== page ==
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The Basics of Compressor-Based Refrigeration

Lytron uses compressor-based refrigeration in its Kodiak and large capacity lines of recirculating chillers. The basics of compressor-based refrigeration are explained below.

Fundamental Physical Principles

When trying to understand how a compressor based cooling system works, you must keep three physical phenomena in mind:

  1. When a gas is compressed, its temperature increases. Conversely, when it is expanded, its temperature decreases. This is one of the ramifications of the First Law of Thermodynamics.
  2. The temperature of a pure liquid remains constant as it boils or condenses. We have all witnessed this phenomenon in our kitchens. If you measure the temperature of water as it boils, the temperature remains constant at 212°F or 100°C as long as liquid water is present. Also, when gases are condensed, the system temperature remains constant until all the gas converts to a liquid.
  3. Finally, a significant amount of energy is required for a fluid to undergo phase change. As an illustration, more energy is needed to completely boil a given amount of water than to take that same quantity of water from 32°F to 211°F. This means that a significant amount of energy can be stored and then released just during a phase change.

The Refrigeration Cycle

Figure 1: Shows a compressor-based refrigeration system components and refrigerantAs the name states, the refrigeration cycle is a continuous process. Refrigerant moves from the compressor to the condenser, through a metering device, to an evaporator, and then the cycle repeats (see figure 1).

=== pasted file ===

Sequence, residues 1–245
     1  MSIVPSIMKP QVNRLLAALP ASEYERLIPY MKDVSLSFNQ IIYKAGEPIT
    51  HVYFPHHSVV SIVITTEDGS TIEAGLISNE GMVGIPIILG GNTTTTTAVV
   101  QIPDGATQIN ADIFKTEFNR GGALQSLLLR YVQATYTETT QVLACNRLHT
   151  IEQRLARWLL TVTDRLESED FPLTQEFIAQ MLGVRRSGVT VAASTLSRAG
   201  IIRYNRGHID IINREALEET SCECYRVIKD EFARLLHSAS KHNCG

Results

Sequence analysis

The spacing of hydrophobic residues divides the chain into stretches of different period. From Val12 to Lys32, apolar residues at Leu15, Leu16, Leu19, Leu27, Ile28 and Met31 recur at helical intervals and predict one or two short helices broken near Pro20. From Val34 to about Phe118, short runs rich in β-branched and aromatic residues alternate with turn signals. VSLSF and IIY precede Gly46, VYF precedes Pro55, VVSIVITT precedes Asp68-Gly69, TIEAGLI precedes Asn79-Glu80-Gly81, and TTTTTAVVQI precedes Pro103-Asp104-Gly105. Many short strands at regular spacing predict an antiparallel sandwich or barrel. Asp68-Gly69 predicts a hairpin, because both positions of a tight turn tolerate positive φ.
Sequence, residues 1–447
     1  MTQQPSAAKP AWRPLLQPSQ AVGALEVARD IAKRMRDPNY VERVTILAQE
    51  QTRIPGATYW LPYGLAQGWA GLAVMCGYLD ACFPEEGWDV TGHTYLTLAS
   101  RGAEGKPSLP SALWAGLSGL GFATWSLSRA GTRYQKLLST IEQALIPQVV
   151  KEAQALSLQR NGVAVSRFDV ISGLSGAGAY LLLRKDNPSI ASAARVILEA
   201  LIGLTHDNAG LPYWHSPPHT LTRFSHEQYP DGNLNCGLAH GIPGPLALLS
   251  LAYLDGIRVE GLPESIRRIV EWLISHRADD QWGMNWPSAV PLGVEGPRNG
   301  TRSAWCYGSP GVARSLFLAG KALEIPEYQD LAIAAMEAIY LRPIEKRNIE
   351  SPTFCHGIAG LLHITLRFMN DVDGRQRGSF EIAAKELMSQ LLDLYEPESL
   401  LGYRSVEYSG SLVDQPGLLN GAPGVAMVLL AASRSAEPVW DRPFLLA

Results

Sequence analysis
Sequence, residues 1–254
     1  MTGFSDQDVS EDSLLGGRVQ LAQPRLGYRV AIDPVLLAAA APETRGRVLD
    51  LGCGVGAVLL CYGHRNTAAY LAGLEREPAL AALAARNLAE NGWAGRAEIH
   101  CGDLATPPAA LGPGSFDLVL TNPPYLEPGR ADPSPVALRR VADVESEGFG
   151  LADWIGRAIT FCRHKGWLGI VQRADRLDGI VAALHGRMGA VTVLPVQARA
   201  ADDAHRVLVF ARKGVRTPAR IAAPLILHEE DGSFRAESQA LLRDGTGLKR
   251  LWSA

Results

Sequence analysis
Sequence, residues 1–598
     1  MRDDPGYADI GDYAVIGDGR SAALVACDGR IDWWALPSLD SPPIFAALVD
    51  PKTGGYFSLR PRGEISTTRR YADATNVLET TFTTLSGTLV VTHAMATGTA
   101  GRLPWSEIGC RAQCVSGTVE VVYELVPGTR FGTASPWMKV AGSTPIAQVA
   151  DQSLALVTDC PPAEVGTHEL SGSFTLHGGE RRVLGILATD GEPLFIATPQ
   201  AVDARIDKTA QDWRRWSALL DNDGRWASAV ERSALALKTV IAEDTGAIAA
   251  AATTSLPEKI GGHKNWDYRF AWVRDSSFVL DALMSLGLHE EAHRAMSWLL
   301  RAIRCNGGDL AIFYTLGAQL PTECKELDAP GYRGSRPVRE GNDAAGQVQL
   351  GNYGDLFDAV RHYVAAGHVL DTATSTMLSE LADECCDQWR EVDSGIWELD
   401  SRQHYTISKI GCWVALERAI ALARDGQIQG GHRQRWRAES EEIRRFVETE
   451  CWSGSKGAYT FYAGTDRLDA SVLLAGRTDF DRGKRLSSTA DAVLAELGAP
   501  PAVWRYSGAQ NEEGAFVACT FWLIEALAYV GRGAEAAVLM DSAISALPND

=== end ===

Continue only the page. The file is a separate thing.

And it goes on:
The compressor does exactly as its name says: it compresses the refrigerant. The compressor receives low pressure gas from the evaporator and converts it to high pressure gas. As mentioned earlier, as the gas is compressed, the temperature rises.

The hot refrigerant gas then flows to the condenser. The condenser is a heat exchanger that uses a colder fluid, typically ambient air, to cool the refrigerant. As refrigerant flows through this heat exchanger, it condenses to a hot liquid. Liquid refrigerant exits the condenser and flows to the system's metering device.

The metering device can be an expansion valve or a capillary tube and is used to create a pressure drop. As mentioned earlier, the temperature and boiling point of liquids decrease as the pressure decreases. Some refrigerant liquid vaporizes and the temperature of the liquid-gas mixture drops. The cool refrigerant then flows to the evaporator.

The evaporator is another heat exchanger that allows heat to move between the medium we wish to keep cool, called the heat source, and the refrigerant. In a chiller, the heat source is the cooling fluid, which flows into your equipment. The refrigerant enters the evaporator as a low temperature gas-liquid mixture. By design, the temperature of the heat source is always higher than the refrigerant's boiling point. In the evaporator, the refrigerant vaporizes as it absorbs heat from the heat source. As our "Fundamental Physical Principles #2" states the refrigerant's temperature remains constant as it vaporizes. The refrigerant then exits the evaporator as a gas, enters the compressor and the cycle starts again.

Of course we have simplified the process considerably. For more information, we recommend any basic engineering thermodynamics book, such as Introduction to Chemical Engineering Thermodynamics, by J.M Smith, H.C. Van Ness, M.M. Abbott, Mcgraw-Hill Chemical Engineering Series, 1996.